The Watershed at the V&A Waterfront will be undergoing minor upgrades to make the space more wheelchair-friendly.
This follows some concerns from visitors who felt the Waterfront was not disabled-friendly. And while the Watershed was not directly linked to the complaints, Waterfront CEO Colin Devenishn said regular audits of facilities at the V&A Waterfront had sensitised them to the issue.
“We’ve noticed that at some entrances to the Watershed, where there are wooden floors, some of the ridges were too high, so we are addressing that,” he said.The concerns, however, centre on stores which are not accessible to people in wheelchairs and bins which obstruct walkways.
Fahd Waggie, was very disappointed when he visited the waterfront with his mother, who is in a wheelchair, complaining that the railings inside the shops were too close together, preventing wheelchair access.
Mr Waggie’s concerns were shared on the V&A’s Facebook page, to which another Waterfront visitor, Mikael Garcia, responded: “Fahd, I share your disappointment. I have realised how poorly managed the V&A is when it comes to access for the disabled. Outside the mall, for example, they place bins on a pavement so wheelchairs can’t go through and on the dedicated path for blind people, so any blind person would just run into a huge bin with sharp corners.”
Mr Devenish said the V&A Waterfront takes concerns about access to the facility “very seriously”, emphasising that R400 000 and R300 000 were spent on upgrading toilets for the disabled last year and this year, respectively.“The disabled-bay fines have increased to R500, and this is aggressively managed by our staff,” he added. However, he said, people need to inform the V&A Waterfront of their concerns so that they can improve the situation. “As soon as we become aware of these things, we try to address them as quickly as possible.” He said most of the bins in the V&A Waterfront were placed next to walkways so that visitors could dispose of litter while they were walking.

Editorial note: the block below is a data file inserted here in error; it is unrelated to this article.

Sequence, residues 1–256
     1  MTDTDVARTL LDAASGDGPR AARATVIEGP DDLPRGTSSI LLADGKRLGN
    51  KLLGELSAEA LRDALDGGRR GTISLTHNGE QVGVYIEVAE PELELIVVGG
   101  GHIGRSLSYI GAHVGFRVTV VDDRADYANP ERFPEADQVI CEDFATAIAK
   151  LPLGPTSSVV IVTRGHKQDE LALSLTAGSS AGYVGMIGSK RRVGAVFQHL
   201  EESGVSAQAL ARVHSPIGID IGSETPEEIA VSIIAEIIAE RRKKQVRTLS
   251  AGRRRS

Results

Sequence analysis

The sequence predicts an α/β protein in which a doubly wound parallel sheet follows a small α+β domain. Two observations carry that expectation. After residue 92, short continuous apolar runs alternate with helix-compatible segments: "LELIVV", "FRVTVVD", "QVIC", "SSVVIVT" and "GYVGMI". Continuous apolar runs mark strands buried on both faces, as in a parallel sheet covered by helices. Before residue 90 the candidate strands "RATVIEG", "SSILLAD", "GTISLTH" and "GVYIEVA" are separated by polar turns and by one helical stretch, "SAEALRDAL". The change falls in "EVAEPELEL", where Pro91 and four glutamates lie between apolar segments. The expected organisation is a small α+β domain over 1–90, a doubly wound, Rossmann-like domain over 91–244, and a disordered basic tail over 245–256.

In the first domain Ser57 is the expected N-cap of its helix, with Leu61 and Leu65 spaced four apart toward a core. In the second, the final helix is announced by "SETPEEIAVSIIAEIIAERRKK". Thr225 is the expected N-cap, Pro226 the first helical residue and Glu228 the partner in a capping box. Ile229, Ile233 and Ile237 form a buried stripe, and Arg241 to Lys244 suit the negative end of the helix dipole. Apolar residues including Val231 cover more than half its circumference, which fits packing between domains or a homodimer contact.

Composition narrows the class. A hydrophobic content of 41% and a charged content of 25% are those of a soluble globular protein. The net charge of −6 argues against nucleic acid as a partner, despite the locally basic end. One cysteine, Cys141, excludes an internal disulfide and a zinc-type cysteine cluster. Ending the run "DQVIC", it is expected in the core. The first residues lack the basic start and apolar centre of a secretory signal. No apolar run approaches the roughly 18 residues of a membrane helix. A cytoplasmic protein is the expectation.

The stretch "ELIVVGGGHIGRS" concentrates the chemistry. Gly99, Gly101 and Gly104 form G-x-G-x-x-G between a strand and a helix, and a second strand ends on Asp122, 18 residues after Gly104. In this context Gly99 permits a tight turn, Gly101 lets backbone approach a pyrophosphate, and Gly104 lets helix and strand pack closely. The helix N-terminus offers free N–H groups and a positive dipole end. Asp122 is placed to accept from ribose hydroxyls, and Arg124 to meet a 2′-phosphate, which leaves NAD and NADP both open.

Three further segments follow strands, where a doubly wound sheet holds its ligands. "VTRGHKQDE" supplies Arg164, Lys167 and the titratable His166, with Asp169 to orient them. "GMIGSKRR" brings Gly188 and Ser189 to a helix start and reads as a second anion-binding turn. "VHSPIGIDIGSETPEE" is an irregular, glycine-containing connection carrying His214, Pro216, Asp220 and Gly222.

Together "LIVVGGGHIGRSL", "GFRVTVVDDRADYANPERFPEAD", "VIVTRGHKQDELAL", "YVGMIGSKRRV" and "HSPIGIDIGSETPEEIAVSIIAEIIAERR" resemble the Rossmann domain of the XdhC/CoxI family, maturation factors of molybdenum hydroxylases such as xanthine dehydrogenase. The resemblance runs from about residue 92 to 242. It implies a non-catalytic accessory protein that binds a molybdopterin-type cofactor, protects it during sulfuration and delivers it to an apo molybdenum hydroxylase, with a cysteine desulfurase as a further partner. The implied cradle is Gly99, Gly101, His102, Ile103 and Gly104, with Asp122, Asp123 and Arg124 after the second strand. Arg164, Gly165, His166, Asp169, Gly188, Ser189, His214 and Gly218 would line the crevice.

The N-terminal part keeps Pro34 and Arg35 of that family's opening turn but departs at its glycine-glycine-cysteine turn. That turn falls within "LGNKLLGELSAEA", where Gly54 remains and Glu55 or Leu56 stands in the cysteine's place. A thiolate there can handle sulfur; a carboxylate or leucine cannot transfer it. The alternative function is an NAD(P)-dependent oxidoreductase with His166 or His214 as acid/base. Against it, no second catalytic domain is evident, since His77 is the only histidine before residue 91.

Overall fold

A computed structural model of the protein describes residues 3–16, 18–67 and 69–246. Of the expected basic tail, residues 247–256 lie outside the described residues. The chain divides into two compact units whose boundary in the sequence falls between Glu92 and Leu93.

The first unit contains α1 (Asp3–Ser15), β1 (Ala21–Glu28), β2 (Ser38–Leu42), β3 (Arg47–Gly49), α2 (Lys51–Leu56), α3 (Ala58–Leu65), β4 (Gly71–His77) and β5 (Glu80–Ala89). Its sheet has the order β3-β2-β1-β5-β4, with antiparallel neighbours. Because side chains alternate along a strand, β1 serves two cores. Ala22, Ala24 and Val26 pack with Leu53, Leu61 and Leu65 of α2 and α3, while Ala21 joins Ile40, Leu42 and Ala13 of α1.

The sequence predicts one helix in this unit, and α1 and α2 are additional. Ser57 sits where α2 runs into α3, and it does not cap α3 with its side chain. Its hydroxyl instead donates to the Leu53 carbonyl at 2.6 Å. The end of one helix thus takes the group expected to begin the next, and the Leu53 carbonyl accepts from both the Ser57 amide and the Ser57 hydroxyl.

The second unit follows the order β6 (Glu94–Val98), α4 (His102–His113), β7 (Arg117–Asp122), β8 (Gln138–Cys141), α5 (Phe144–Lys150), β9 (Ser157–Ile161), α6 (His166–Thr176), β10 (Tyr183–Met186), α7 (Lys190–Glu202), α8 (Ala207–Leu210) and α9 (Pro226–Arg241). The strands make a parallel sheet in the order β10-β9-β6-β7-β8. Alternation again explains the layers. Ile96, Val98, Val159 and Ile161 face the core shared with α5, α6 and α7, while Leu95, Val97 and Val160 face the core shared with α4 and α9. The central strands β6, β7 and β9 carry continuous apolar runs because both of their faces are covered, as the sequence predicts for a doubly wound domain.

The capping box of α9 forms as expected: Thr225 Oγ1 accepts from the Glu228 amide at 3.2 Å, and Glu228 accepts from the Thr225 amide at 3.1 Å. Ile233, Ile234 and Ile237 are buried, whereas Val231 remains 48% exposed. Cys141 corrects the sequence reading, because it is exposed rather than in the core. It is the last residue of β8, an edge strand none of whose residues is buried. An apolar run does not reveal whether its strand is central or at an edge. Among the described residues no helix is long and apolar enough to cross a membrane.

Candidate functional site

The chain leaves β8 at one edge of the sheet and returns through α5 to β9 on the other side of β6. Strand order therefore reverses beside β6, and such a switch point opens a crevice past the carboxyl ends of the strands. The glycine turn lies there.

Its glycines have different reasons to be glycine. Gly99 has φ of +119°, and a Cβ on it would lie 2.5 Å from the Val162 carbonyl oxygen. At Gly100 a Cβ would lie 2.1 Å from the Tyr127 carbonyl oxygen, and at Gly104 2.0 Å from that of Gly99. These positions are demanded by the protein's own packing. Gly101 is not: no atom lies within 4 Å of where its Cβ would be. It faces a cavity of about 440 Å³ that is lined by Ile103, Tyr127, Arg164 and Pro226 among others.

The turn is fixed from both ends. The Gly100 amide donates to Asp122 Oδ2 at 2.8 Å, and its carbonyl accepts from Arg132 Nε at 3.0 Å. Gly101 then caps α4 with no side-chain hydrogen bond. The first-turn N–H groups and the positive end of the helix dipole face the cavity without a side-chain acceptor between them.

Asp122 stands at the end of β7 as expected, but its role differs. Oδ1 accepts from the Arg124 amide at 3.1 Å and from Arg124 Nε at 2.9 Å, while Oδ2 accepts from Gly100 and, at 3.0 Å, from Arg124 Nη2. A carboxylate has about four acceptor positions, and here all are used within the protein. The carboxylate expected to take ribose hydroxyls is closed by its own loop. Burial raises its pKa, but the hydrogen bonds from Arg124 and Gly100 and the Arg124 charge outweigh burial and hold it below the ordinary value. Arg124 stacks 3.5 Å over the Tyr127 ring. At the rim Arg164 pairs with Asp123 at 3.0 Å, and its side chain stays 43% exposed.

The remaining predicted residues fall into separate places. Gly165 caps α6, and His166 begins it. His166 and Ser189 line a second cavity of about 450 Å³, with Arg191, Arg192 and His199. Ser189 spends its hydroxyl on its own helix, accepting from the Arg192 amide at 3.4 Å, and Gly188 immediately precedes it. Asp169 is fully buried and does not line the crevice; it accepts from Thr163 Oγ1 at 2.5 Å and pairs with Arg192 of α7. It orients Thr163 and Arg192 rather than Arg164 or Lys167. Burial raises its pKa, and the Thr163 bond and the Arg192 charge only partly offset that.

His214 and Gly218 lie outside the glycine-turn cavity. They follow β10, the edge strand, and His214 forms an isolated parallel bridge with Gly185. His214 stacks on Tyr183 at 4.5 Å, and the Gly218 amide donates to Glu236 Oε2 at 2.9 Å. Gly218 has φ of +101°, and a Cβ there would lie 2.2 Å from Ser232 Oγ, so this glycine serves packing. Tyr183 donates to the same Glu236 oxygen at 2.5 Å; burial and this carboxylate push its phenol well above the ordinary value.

“But we have made the maintenance staff aware of this complaint, and we are going to audit it. If the bins are in the way, we will move them. They’re not fixed.” They would meet with their tenants to address the concerns raised. “With retailers, we have an oversight, but stores change displays and set-ups in their quite often,” he said.
The provincial secretary of Disabled People South Africa, Anthony George, said, the V&A Waterfront was 80 percent universally accessible, meaning that it was accessible to wheelchair-bound, blind and deaf people, or anyone else with a disability.
However, he said, “Some spaces were still too far, narrow or difficult to reach.” The concerns about wheelchair access to shops, he said, were not unique to the Waterfront. “At most places, the rails are too narrow for a wheelchair to move through,” he said .
Mr George said developers too often construct buildings without consulting disabled people.
“If developers can do this from the outset, they wouldn’t have these problems in the end. Asked about his 80 percent rating for the V&A Waterfront, Mr George explained: “I think more can be done, in terms of moving around for a disabled person.
“I’d have to invite you for a walk about for you to experience our difficulties first-hand.”